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Three rivers flow out to sea at Bhitarkanika, forming a tidal maze of muddy creeks and mangroves. This is India’s second-largest mangrove region, and most of the 672-sq-km delta forms this wonderful sanctuary, a significant biodiversity hot spot. The only way to get around most of the sanctuary is by boat, and the main reason to come is to spot crocodiles and birds (particularly at the Bagagahana heronry).
There are long-snouted gharials, short squat muggers, and enormous estuarine crocodiles, or ‘salties’, which bask on mud flats before diving into the water for cover as your boat chugs past. One particular 23-foot beast that you're likely to see has made the Guinness Book of World Records.
The best time to visit is from December to February, but you’ll see crocs all year round, and may also see monitor lizards, spotted deer, wild boar and all sorts of birds, including eight species of brilliantly coloured kingfishers. Herons arrive in early June and nest until early December, when they move on to Chilika Lake, while raucous open-billed storks have set up a permanent rookery here. A short walk through the mangroves from one of the docks inside the sanctuary leads to a birding tower. There is also a 5km nature walk along one of the islands, though that's best done on weekdays when there are fewer visitors.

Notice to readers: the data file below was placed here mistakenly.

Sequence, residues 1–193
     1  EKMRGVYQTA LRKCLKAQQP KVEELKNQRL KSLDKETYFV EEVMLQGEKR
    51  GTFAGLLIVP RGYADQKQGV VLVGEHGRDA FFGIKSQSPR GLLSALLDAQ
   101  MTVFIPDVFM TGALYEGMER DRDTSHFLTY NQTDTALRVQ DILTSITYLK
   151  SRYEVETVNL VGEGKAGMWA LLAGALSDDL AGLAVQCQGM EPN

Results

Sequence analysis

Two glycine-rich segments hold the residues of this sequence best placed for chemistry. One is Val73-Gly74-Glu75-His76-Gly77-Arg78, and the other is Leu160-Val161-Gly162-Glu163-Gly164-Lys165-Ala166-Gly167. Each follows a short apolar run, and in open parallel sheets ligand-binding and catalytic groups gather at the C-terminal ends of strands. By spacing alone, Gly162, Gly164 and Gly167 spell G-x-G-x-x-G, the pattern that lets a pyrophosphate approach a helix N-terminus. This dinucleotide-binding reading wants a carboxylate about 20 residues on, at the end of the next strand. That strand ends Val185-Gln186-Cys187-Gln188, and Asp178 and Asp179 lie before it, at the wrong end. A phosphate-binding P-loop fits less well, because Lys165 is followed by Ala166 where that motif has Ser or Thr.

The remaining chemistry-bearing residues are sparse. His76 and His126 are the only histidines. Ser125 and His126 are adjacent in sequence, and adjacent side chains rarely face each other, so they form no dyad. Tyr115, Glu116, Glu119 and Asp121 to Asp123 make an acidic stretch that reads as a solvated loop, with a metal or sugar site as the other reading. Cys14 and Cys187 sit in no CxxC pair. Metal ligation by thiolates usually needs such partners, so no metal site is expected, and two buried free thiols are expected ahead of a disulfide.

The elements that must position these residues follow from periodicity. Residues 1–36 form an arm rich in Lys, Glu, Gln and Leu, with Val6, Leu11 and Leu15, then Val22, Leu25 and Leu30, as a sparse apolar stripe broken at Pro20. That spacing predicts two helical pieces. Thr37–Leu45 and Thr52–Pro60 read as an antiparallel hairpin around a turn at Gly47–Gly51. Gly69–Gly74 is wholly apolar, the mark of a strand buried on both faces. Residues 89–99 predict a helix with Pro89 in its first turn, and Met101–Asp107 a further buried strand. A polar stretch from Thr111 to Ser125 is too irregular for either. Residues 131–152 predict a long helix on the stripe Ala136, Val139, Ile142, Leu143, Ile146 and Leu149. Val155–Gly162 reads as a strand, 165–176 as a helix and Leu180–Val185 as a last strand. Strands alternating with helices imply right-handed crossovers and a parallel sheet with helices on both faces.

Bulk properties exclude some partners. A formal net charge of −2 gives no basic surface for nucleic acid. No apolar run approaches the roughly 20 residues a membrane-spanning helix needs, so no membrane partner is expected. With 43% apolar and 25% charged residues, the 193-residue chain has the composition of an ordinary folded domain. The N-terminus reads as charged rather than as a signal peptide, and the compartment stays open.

It’s also worth knowing that this area has the highest concentration of king cobras found anywhere in India, as well as half a dozen other potentially deadly viper species.
The park entrance is at the beautiful, but very poor, mud-hut village of Dangmal (Dang-ger-mal), and all tour boats depart from the same dock at 7.30am. You can learn more about the crocodile conservation program at Dangmar Island; the sanctuary is off-limits to visitors during the May–August crocodile breeding season.